Food is a basic necessity, but getting access to that food, doesn’t always come easy.
“I have been using SNAP off and on for about 13 years,” SNAP recipient Andrea said.
Andrea is on food stamps. SNAP – the government’s “Supplemental Nutrition Assistance Program” – is the country’s largest nutrition assistance program.
“I did not have any family to support me, I had lost my job, and I had a child with a lot of health needs. So I was in a place of needing to provide food for my family,” Andrea said.
At one point in her life, Andrea says she was budgeting $50 a week for groceries. It wasn’t enough to support her whole family.
“I had this moment where I just kind of sat on the kitchen floor and realized that I could allow myself to go hungry, but I couldn’t let my kids. And it had reached the point that I was afraid that was going to happen,” Andrea said.
So, she applied for SNAP once again. Andrea is one of nearly 40 million Americans currently using the program.
“It provides individuals and families who have lower income with access to food benefits on a monthly basis. It’s transferred on an electronic benefit card, that can be used just like a debit card at a grocery store,” said Karla Maraccini, the Division Director of Food and Energy Assistance Programs at Colorado Department of Human Services.
The Colorado Department of Human Services is preparing for a change to the SNAP program, expected to go into effect April first.
“A proposed rule was finalized regarding requirements for able-bodied adults without dependents. These are adults that are age 18 to 49 who do not have a dependent child in their care under the age of 18,” said Katherine Smith, the Division Director of the Employment of Benefits Division.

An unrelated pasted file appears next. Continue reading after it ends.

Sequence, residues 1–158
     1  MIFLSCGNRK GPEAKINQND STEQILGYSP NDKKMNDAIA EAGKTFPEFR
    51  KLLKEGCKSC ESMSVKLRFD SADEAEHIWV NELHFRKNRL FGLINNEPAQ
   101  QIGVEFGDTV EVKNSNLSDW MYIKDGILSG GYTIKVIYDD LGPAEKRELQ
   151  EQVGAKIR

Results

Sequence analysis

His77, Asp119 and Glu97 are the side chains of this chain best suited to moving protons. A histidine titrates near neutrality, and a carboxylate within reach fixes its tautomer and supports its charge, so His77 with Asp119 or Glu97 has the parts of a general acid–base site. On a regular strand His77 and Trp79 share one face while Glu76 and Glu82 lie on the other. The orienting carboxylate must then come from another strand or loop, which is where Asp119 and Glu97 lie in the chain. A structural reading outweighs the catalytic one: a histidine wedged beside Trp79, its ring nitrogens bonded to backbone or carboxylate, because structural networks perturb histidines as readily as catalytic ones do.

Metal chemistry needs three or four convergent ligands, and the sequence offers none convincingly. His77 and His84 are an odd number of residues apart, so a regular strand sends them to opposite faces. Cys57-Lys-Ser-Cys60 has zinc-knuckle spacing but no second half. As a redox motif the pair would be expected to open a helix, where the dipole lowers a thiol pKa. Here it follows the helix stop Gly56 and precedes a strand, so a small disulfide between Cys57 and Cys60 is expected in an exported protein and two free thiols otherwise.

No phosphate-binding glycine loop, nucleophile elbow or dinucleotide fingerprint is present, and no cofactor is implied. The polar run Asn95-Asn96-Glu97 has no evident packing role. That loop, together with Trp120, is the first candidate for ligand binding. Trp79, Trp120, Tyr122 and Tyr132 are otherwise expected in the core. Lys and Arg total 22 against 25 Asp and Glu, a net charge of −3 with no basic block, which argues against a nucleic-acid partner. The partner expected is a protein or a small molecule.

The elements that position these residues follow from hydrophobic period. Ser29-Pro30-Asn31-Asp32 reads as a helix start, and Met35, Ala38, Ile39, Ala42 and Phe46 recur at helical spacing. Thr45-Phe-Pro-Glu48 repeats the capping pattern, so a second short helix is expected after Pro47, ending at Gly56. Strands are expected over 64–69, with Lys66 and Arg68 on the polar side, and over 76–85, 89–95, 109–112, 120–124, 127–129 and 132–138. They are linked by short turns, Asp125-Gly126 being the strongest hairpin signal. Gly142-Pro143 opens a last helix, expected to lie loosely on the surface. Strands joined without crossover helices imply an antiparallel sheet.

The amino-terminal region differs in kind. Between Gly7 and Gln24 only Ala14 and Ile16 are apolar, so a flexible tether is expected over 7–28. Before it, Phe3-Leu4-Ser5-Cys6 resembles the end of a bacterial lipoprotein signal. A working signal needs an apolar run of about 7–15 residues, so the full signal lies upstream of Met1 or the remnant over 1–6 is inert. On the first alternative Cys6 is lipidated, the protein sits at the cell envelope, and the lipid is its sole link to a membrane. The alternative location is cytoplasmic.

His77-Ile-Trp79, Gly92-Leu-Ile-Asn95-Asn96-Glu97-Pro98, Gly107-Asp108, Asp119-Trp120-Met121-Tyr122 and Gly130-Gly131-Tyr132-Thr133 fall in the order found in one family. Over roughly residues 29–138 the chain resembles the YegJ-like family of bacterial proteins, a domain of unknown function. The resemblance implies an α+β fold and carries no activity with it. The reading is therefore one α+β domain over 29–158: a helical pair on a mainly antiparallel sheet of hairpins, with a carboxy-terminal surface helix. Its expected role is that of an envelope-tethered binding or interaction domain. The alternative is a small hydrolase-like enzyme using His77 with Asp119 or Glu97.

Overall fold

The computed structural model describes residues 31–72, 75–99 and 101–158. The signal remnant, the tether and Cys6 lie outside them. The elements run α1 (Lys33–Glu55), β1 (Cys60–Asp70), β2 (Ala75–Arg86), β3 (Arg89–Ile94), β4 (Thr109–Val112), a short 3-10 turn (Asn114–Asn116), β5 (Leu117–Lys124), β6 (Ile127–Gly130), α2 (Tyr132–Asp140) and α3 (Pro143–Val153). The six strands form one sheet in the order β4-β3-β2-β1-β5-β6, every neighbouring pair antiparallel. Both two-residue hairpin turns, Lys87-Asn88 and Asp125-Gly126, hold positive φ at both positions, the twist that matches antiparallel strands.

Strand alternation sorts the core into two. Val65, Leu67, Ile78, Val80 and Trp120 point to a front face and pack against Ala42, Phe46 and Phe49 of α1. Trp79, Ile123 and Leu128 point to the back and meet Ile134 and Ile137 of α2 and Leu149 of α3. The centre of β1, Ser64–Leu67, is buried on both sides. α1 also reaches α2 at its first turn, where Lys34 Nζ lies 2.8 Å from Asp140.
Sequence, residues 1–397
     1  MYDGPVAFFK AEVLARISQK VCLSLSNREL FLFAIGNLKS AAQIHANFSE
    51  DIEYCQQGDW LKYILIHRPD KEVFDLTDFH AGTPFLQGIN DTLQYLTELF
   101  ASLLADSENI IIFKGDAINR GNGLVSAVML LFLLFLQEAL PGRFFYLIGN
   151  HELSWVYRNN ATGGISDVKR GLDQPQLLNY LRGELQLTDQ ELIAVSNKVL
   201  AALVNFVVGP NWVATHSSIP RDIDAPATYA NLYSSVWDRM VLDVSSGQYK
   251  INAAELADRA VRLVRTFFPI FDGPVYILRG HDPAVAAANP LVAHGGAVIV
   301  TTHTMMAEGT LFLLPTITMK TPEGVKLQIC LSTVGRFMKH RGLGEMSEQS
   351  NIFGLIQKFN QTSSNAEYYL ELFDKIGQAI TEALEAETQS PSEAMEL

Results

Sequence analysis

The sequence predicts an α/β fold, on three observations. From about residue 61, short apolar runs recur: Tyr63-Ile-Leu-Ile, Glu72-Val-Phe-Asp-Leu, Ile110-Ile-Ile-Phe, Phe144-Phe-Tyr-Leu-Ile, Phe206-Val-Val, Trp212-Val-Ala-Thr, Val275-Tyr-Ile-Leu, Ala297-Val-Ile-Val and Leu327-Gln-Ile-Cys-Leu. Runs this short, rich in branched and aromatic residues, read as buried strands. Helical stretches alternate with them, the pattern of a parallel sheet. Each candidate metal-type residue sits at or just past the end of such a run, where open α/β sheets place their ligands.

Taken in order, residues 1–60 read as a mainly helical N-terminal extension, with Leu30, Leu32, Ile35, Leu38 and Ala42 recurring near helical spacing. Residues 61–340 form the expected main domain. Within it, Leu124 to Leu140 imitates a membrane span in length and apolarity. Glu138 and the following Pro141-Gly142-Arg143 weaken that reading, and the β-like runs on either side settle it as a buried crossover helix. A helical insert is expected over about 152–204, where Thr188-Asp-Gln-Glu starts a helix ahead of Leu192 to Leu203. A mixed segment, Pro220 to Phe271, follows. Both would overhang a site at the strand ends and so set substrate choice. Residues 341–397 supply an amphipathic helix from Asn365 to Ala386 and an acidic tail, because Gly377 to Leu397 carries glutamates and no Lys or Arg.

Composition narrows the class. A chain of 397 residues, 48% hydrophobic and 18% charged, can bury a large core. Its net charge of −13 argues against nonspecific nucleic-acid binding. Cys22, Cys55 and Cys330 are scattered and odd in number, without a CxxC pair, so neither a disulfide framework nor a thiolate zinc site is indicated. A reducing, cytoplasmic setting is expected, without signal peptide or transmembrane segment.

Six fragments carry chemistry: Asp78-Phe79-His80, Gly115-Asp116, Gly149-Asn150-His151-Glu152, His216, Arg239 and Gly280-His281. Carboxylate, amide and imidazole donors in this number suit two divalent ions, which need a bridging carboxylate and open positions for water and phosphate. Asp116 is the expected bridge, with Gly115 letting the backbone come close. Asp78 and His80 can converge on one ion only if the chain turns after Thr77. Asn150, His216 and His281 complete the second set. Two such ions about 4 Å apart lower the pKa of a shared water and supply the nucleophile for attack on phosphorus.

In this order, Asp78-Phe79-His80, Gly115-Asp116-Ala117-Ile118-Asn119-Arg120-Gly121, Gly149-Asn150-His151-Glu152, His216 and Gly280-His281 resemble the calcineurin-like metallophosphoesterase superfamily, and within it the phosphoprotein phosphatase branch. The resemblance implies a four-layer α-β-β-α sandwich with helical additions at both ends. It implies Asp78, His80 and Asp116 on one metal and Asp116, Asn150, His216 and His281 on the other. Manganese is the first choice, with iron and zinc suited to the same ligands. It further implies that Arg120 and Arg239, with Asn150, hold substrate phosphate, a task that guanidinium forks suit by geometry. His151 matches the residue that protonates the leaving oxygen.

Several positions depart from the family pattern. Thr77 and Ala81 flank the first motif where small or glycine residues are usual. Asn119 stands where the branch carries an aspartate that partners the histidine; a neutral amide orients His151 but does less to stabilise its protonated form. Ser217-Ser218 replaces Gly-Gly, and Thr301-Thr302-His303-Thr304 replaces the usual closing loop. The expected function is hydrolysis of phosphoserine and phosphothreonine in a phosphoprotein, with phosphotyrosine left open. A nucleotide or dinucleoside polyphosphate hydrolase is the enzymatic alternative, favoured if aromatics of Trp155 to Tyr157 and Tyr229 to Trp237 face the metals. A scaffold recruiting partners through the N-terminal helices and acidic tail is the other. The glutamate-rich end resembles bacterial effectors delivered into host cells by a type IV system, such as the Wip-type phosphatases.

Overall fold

Under current rules, able-bodied adults can only receive three months of SNAP benefits in a three-year period if they work less than 20 hours a week. However, there has been an exception to that rule.
“Based on unemployment rates and other economic factors, states have been able to get waivers so that those able-bodied adults without dependents did not have to meet those work requirements,” Smith said.
The administration’s change will make it more difficult to get approval for that waiver. The Agriculture Department estimates it would cut benefits for roughly 688,000 SNAP recipients, which in turn would save the federal government around $5.5 billion over five years.
On Twitter, Secretary of Agriculture Sonny Perdue explained why he thinks the country will benefit from the change. He tweeted “the USDA’s rule lays the groundwork for the expectation that work capable Americans re-enter the workforce, where there are currently more job openings than people to fill them.”
Secretary Perdue says the program was intended to provide assistance through difficult times, not as a way of life. Andrea argues the situation is isn’t so simple.
“If you aren’t eating enough, then you can’t be healthy enough to even work,” Andrea said.
She says SNAP is already a work-support tool that ensures families access to nutritious foods so they can focus their energy on supporting their family. Since she has children, she won’t personally be impacted by the SNAP change, but she knows quite a few people who will be.
“I think that you should know that there’s a very good chance that you might know somebody.”